More GBIF questions (was: ITIS)

Nico Mario Franz nmf2 at CORNELL.EDU
Sat Jun 26 00:13:29 CDT 2004

In this discussion, let's have as always some room for the "wouldn't it be
nice?" and "why can't we just?" and "the internet revolution for taxonomy
is coming!" calls. But let's also not forget why we can have this
discussion here on Taxacom. Since 1992, *someone* - I actually (and this
is my point) don't know who - must have maintained this site, not only
with passion (see quotes above), but also with some socio-economic model
that seems to work well enough to instill that trust in us to post here
more often than on the many other sites which may have come and gone.

The print publication process, as wisely "ratified" by the ICZN and ICBN,
together with the scientific publishers and library and museum systems,
already has such a socio-economic, trust-instilling model in place. The
Codes also know why. The Principle of Priority means in essence that in
order to understand the taxonomic legacy and ultimately nature, we can't
just cut off those chains of communication that were initiated hundreds of
years ago and continue to be prolonged today. It makes no sense in terms
of harvesting efforts, and flies in the face of any respectable theory of
reference. So taxonomy, per Codes, per societal approaches to benefitting
from science, and per philosophy of language, needs a long-term
sustainable socio-ecomonic model to work and progress.

The print publication process has such a model, more or less. It just so
happens that in this process, we scientist are mostly pushed around by the
publishing industry. Although we do have Codes, we've never (to my
knowledge) succeeded at building a viable taxonomic enterprise. That just
doesn't seem to come naturally to us. How much do we pay the Index
Kewensis or the Zoological Record to do what they've done since the 1860s?
Again, I don't know for sure myself, and to the extent that this applies
to others, it's my point. We're the only creators of work, yet very poor

With the coming of age of internet publishing, the balance between
publishers and scientists may have shifted even more away from us. We seem
to have true difficulties even conceiving a socio-economic model that
would meet the long-term sustainability requirements that our own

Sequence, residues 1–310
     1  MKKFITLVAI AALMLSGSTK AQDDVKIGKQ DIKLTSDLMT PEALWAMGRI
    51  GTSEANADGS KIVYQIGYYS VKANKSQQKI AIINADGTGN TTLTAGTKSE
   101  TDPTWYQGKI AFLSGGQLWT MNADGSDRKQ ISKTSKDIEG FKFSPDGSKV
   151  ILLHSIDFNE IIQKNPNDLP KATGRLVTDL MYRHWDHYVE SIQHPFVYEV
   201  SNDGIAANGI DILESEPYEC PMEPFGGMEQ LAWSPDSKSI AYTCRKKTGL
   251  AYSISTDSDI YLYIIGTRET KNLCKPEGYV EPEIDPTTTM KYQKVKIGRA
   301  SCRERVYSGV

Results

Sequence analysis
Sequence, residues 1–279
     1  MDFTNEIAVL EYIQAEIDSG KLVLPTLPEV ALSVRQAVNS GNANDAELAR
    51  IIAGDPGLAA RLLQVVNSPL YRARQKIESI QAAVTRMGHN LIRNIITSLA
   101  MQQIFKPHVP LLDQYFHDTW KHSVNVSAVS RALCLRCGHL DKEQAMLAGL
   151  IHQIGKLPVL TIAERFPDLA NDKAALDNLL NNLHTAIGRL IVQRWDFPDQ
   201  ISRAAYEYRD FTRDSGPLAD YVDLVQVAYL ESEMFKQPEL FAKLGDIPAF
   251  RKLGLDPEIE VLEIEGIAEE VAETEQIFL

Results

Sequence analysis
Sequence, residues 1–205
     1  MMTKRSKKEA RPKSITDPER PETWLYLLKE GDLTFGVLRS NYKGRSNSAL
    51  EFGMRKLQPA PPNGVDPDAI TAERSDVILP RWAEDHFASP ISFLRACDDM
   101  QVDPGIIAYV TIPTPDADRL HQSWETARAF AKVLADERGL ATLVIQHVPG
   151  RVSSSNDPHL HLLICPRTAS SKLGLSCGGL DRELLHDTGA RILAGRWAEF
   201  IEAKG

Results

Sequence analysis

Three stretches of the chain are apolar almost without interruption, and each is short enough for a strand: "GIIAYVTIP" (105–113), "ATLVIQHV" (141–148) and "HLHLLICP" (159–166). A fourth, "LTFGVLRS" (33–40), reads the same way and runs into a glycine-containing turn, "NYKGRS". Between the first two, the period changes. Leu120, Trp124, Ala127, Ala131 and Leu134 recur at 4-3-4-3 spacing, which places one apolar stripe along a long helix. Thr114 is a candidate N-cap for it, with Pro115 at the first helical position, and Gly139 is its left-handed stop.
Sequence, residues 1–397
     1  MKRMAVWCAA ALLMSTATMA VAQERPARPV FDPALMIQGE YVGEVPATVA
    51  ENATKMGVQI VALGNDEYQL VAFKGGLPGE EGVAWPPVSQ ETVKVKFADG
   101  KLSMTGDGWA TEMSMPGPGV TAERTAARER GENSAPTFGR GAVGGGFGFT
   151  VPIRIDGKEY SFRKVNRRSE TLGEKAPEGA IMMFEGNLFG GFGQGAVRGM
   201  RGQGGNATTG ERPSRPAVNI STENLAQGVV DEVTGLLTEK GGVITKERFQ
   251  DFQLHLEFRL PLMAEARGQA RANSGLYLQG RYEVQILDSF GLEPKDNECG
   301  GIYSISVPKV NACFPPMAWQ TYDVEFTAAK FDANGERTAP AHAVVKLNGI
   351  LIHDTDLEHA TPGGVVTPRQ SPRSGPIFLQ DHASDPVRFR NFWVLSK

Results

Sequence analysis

discipline - taxonomy - has always come with.

Whether consensus classification or an interactive, distributed platform
for exchanging views about taxonomic concepts; I think it's worth
pondering that a central task for taxonomy will be to scratch and claw and
get that power back we so absentmindedly hand over at the time of signing
off our rights to publishers. Yay, I got this publication out! Oops, I
guess now Elsevier owns it. And I wonder why they also have enough cash to
put it on-line for years and years...

Taxonomists have conceeded so much power in the publishing process that at
the moment only publishers and a few (perhaps governmental, perhaps
private, rarely museums) have the sort of economic oomph that's needed to
create a sustainable on-line platform for taxonomy. In my view it's much
less important how that platform looks like than it is to know that
someone who "does business" can make it last. If it'll last, then it makes
sense for taxonomy to puts its legacy there, and continue it. If it won't
last, of well, I guess my revision will land in old, may unfair, yet save

As a strategy, we're unlikely to regain that power without giving up some
of our ideas and technology to the on-line providers. Those ideas just
might give them the edge over competitors.

I just thought it might be refreshing in light of our track-record with
socio-economic models for taxonomy, to basically look at ourselves as
consultants to the real players at this point. They're the ones who now
carry the legacy. We have big mouths and small wallets. Our wish-lists for
taxonomy should be long enough to pay respect to these forces, and honest
enough to see that if we want to reshape taxonomy on-line, our
publications, including GUIDs, ought to come with a money-back guarantee.


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